NASA Researchers Gain Valuable Data from OSCAR’s Second Flight

Blue Origin’s New Shepard rocket, which carried payloads supported by NASA’s Flight Opportunities Program, lands on the pad in West Texas on Aug. 26, 2021. NASA’s Orbital Syngas Commodity Augmentation Reactor (OSCAR), which tests technology to convert trash and human waste generated during spaceflight into useful gases, was a part of the 17th New Shepard mission. (Credits: Blue Origin)

By Jim Cawley
NASA’s Kennedy Space Center

Data from a NASA payload investigating a new method for dealing with trash in space has researchers at NASA’s Kennedy Space Center in Florida excited following the Aug. 26 flight test on Blue Origin’s 17th New Shepard mission.

The Orbital Syngas Commodity Augmentation Reactor (OSCAR) team watched the launch from a neighboring hill, witnessing liftoff, booster landing, and payload touchdown. Though, as researchers, they became even more energized after landing.

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NASA Technologies Slated for Testing on Blue Origin’s New Shepard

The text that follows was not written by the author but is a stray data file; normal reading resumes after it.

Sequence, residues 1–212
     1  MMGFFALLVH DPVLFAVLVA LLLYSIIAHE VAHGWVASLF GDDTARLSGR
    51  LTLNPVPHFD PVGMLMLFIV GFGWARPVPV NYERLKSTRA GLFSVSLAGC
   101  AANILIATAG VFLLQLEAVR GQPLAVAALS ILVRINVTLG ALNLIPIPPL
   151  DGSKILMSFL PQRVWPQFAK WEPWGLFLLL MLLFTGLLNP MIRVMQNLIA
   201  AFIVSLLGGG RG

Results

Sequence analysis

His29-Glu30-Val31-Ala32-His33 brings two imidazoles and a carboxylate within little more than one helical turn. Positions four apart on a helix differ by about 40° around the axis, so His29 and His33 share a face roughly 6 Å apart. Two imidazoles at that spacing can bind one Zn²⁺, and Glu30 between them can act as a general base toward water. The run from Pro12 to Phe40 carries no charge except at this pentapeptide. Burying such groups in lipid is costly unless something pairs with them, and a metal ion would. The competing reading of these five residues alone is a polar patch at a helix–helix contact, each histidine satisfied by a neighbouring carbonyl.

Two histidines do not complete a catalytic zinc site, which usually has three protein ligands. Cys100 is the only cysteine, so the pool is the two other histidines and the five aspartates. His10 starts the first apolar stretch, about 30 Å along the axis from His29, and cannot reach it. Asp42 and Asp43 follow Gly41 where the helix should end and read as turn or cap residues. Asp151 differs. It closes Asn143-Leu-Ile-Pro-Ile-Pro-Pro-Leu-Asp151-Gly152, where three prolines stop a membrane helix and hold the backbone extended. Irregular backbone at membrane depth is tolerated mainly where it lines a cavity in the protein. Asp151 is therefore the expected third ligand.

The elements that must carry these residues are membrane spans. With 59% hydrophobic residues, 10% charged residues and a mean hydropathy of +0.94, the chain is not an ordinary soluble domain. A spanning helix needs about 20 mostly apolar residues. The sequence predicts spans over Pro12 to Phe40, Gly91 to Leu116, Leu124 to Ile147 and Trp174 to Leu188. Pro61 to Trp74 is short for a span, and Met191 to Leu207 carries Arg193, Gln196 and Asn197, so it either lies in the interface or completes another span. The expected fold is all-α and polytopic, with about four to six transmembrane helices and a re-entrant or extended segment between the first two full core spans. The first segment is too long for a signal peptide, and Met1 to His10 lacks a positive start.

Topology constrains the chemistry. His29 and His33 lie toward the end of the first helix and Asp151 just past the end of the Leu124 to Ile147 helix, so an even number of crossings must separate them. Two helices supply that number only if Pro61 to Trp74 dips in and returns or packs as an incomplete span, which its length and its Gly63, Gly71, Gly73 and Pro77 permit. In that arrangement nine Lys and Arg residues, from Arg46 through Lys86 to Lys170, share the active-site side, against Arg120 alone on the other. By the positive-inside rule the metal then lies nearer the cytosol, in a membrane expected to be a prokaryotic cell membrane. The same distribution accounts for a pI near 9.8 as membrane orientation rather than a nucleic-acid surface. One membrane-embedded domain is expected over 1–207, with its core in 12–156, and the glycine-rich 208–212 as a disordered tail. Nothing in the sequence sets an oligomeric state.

New Shepard launch (Credit: Blue Origin webcast)

By Elizabeth DiVito
NASA’s Flight Opportunities Program

VAN HORN, Texas — While there won’t be humans on Blue Origin’s 17th New Shepard mission, the fully reusable launch vehicle will carry technologies from NASA, industry, and academia aboard. The agency’s Flight Opportunities program supports six payload flight tests, which are slated for lift off no earlier than Aug. 26 from the company’s Launch Site One in West Texas.

For some innovations, this is just one of several tests supported by NASA on different flight vehicles. Iterative flight testing helps quickly ready technologies that could eventually support deep space exploration.

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NASA Technology Designed to Turn Space Trash into Treasure

Annie Meier, left, and Jamie Toro assemble the flight hardware for the Orbital Syngas/Commodity Augmentation Reactor (OSCAR) in the Space Station Processing Facility at NASA’s Kennedy Space Center in Florida. (Credits: NASA/Cory Huston)

KENNEDY SPACE CENTER, Fla. (NASA PR) — When you think about what astronauts do in space, you probably don’t picture them taking out the trash.

As NASA prepares to return astronauts to the Moon and then venture to Mars, a lot of planning goes into how to keep crews safe and healthy and enable them to do as much science as possible. One of the challenges is how to handle trash. The Orbital Syngas/Commodity Augmentation Reactor (OSCAR) project, is an avenue to evolve new and innovative technology for dealing with garbage in space.

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